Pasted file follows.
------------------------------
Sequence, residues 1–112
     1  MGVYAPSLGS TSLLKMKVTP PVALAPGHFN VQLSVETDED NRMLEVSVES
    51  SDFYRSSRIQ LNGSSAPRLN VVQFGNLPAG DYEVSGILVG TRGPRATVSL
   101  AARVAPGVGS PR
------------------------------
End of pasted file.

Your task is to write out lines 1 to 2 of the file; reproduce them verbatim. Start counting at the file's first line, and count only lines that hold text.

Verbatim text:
Sequence, residues 1–112
     1  MGVYAPSLGS TSLLKMKVTP PVALAPGHFN VQLSVETDED NRMLEVSVES